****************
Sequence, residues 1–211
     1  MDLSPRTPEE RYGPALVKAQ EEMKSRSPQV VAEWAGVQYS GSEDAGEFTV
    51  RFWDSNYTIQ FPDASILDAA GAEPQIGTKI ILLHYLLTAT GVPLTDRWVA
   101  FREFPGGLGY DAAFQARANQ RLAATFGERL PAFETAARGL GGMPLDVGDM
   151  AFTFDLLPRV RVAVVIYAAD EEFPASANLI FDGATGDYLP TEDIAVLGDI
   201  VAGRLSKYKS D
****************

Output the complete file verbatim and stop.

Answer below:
Sequence, residues 1–211
     1  MDLSPRTPEE RYGPALVKAQ EEMKSRSPQV VAEWAGVQYS GSEDAGEFTV
    51  RFWDSNYTIQ FPDASILDAA GAEPQIGTKI ILLHYLLTAT GVPLTDRWVA
   101  FREFPGGLGY DAAFQARANQ RLAATFGERL PAFETAARGL GGMPLDVGDM
   151  AFTFDLLPRV RVAVVIYAAD EEFPASANLI FDGATGDYLP TEDIAVLGDI
   201  VAGRLSKYKS D